Should I List My Local Business in Online Web Directories For SEO?Online web directories are services that list and categorize businesses, largely for the purpose of local discovery for consumers. As a business owner it’s a great asset for search engine optimization. In the 1990’s, SEO specialists discovered that they could fast-track a website’s rise through the ranks by listing it in as many places as possible, thereby getting a large number of “back-links” to fool the search engines into thinking it was a highly relevant site. This partly resulted in online web directories popping up all over the World Wide Web like mushrooms.

Like many other “black hat” SEO techniques, such as keyword stuffing and anchor-text optimization, Google is beginning to crack down on some of these directories, penalizing and even blacklisting some completely from Google search results. This is not to say that all directories are shifty or that you shouldn’t use them, but the practice of listing your business in every single web directory you can find is liable to do you more harm than good.

Trustworthy Local Business Directories

Listing your local business with the big name local directories is always worthwhile. You should definitely make the time to claim and optimize your listings on Google+, Facebook and Yelp. Others that attract a large audience and have authority to provide SEO benefits are Yahoo Local, Bing Local, Mapquest, Yellow Pages, and Foursquare. These are trustworthy sites that follow certain rules and standards and are unlikely to ever run afoul of big search engines like Google.

Directories Related to Your Industry

Next, you might do a Google search to locate the top one or two directories for your industry. Their prominent position in the search results shows that they have a good solid standing with Google. Beware of any directories that require a “link-back,” however, which requires that you place a corresponding link to the directory on your website. That’s one of the frowned-upon practices that may end up getting them on the outs with Google.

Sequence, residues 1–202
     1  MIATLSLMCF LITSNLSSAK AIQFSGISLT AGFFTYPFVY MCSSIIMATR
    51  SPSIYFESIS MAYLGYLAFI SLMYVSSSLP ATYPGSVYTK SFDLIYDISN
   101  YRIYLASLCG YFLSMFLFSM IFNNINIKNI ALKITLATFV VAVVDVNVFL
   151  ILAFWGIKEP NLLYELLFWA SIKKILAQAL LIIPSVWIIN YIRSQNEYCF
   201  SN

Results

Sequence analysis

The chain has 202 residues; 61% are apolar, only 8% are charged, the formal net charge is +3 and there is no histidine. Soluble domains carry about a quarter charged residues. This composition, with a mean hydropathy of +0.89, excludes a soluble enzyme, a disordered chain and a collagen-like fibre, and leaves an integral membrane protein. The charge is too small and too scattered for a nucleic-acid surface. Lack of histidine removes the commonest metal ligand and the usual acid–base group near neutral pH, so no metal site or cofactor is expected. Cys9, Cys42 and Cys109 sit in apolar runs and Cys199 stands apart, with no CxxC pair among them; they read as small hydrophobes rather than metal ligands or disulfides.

University Alumni Directories

Check and see whether your alma mater has an alumni business directory, and if so, submit your listing. Links from universities carry a lot of weight with Google and other search engines. If your business has more than one owner, have your co-owner(s) do the same for their alma maters. Don’t forget about non-university education, such as a beauty school or vocational training program. They love to list their successful graduates, and it’s an excellent, relevant place to put a listing.

Certification Directories

Likewise, any certification you have achieved is liable to bring with it a directory of certified experts. Make sure the certification is relevant to your business, however. Listing your beauty salon on a site for expert scuba divers is the kind of thing that can get you penalized by the search engines.

Recommended Service Provider Directories

If you sell or service a particular product, check with the manufacturer to see if you can be listed as a recommended service provider in your area. Be thorough; there may be any number of products or services that you provide which will give you an opportunity to be listed in their service provider directories.

Should I Pay For Links?

Some experts will tell you absolutely not. That comes from the link-building schemes of the 90s when SEO companies would offer to get you a higher page ranking for a hefty fee. They would then proceed to list your site on every possible directory in existence, many of whom charged for the listing as their sole means of revenue. These links have no value, and will cause you more harm than good.

That said, there are some very good directories who do charge a nominal fee for the listing. It’s up to you whether you decide to pay it. If it’s a highly respected professional directory, you may feel it’s worth the price. Otherwise, no, you should never pay for links.

As technology evolves and, along with it, the World Wide Web, SEO experts will always be looking for shortcuts – and search engines will keep on shutting them down. The best practice for building your web presence is to convince the search engines you are relevant by being relevant.

Don’t stuff your site with keywords; add more pages of good, thoughtful content. Don’t waste time and money getting hundreds of worthless listings; you’ll get much better return from just a dozen or so really good, quality listings. And don’t forget about the third part of the equation: citations. Hold seminars, classes, guest lectures, and promotions to keep your business name, address, and phone number (NAP) in the community spotlight, and your local SEO campaign will yield a bountiful harvest!